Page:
Rothman decided to move his family from Brooklyn to Oakland after his mother died. Once there, Rothman said he didn’t maintain any religious ties. He earned his living mainly as a business consultant, most notably as a hired fund-raiser for various groups.

What he enjoyed most, he said, was being involved in the community. He founded an employment agency for minorities, was president of a legal aid society, served on the Oakland Museum of California ethnic guild and worked with the Neighborhood Youth Corps, where he met Linzie, then a teenager, in West Oakland in the late 1960s.

“George had me be a team leader,” remembered Linzie, 52, who has worked for the Oakland Library for 32 years.

Two years ago Rothman finally gave up the reins of the Black Cowboy Association and stopped doing the day-to-day operations of the parade.

But he’s still the director of the 150-member BCA, and although he’s had some health problems recently, he remains very active. A recent listing for the parade in an East Bay publication cited his home phone number as the one to call for more information.

His hillside house in Oakland’s Dimond District, where he and his wife of 57 years, Bea, have lived for 37 years, is teeming with parade paraphernalia, including stacks of testimonials from politicos such as Rep. Barbara Lee (D-Oakland) and state Sen. Don Perata (D-Oakland). The Rothmans have one son, Stuart, 48.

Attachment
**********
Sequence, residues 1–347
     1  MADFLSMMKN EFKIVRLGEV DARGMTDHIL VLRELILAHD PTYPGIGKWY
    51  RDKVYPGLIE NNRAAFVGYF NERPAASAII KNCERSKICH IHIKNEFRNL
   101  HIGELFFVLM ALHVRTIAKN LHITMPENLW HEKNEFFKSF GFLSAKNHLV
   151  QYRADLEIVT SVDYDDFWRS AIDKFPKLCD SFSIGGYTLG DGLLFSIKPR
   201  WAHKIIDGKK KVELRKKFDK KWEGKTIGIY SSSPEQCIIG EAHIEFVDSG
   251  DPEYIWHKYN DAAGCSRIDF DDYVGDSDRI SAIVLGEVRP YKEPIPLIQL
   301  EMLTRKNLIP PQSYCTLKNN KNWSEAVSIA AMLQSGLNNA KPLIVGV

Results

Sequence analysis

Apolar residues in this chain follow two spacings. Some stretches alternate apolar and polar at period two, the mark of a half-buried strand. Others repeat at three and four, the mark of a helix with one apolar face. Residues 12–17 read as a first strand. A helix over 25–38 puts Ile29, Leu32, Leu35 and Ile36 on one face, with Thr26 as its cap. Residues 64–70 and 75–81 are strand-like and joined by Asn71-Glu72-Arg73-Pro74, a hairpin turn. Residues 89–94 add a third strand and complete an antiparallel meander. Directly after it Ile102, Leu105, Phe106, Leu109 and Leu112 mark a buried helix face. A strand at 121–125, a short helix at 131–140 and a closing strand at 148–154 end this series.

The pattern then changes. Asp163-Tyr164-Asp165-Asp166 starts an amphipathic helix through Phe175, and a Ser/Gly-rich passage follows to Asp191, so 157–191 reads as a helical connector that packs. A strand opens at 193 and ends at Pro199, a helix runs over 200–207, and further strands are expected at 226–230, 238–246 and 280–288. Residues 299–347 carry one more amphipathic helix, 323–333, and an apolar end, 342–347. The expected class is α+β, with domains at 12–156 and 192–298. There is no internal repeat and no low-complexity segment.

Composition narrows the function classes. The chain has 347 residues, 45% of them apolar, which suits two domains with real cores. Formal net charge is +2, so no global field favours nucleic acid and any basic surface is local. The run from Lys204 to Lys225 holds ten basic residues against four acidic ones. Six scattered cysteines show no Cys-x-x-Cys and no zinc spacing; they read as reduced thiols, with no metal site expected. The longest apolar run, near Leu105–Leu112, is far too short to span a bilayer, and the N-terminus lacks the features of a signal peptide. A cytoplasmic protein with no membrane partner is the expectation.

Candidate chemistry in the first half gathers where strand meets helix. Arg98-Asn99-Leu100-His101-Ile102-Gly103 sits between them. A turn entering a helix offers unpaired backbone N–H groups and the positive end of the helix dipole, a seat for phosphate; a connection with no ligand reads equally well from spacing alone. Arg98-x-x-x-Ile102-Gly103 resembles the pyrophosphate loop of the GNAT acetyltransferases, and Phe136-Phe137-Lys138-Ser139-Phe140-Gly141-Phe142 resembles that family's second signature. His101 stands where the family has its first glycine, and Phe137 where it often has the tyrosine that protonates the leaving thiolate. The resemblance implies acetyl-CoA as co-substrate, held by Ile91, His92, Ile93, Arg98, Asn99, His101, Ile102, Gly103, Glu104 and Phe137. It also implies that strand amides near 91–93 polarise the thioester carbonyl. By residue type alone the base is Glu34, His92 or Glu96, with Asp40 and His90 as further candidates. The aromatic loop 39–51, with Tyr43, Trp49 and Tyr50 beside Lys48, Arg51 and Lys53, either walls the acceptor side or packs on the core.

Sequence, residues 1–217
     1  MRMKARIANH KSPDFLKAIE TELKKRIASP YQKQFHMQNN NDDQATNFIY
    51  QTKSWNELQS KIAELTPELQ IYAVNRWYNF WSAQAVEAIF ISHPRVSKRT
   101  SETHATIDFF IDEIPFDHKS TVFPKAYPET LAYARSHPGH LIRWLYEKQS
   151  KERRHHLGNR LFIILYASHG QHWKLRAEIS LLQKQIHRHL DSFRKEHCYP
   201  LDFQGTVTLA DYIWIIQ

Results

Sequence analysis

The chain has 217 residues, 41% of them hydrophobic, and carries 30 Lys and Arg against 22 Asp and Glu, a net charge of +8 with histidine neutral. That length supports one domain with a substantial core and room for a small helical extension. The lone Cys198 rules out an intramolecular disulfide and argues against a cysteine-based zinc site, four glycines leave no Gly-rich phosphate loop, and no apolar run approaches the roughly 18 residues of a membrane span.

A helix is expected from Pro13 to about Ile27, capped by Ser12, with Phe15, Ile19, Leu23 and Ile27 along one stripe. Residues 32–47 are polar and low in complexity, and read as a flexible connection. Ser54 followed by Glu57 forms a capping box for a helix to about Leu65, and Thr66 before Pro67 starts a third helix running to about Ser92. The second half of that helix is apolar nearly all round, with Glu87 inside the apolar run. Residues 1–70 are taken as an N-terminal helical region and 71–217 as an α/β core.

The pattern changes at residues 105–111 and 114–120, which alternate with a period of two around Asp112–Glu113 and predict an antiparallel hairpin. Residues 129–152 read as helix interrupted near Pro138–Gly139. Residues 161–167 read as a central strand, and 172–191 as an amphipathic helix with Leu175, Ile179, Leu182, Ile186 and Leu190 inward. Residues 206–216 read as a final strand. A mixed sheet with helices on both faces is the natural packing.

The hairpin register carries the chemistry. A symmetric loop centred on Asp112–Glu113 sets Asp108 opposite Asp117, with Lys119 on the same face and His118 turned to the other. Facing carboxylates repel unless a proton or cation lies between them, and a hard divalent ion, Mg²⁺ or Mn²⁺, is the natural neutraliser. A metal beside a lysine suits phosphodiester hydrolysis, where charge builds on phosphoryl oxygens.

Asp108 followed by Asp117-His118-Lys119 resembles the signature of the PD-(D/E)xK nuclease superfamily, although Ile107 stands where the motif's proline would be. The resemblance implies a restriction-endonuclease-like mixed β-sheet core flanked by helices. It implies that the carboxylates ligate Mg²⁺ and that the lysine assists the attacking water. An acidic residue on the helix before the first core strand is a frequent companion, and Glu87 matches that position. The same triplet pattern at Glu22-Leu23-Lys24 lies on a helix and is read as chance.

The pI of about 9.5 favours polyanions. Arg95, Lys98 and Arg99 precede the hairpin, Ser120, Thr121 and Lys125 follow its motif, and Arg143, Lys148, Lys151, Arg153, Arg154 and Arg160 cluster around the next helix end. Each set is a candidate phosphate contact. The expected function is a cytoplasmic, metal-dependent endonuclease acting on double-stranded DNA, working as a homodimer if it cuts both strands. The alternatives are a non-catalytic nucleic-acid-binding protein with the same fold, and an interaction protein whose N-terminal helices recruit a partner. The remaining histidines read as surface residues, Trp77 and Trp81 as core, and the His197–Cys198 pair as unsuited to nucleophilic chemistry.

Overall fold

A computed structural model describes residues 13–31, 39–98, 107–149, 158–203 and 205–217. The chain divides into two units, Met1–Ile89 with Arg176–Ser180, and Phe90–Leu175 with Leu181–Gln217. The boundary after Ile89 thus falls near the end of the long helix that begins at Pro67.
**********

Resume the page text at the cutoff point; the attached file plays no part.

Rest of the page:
On a bookshelf cluttered with stacks of old parade materials, a poster from 2000 droops over a copy of Fred Mustard Stewart’s book “Ellis Island.” Other old posters reveal a list of some past celebrity parade participants: actor Danny Glover; Oakland Mayors Elihu Harris, Lionel Wilson and Jerry Brown; former Oakland Raider Gene Upshaw and others. Past entertainers have included the O’Jays, the Spinners and the Dells.

One of Rothman’s laments is that not very many non-African Americans attend the parade. Though the event has attracted participants from near and far — including Buffalo Soldiers from Oklahoma and a Calgary Stampede rodeo queen, Rothman regrets that it has not sparked much interest among Bay Area whites.

Crowds are usually large — about 6,000 to 8,000 spectators. “And in 29 years, we’ve never had any kind of negative incident,” Rothman said “I’m very proud of this fact.”

In a bit of sad irony, though, perhaps a lot of Bay Area residents have never heard of the parade because it hasn’t generated negative news — unlike some other Oakland events over the past decade.

“This parade is something that’s really great, something that a lot of people really look forward to,” said Oakland’s Billie Wright, a local rodeo queen who has participated on and off since 1987 and is one of this year’s co-grand marshals.

“I hope the parade continues on and on.”

Andy Altman-Ohr

Andy Altman-Ohr was J.’s managing editor and Hardly Strictly Bagels columnist until he retired in 2016 to travel and live abroad. He and his wife have a home base in Mexico, where he continues his dalliance with Jewish journalism.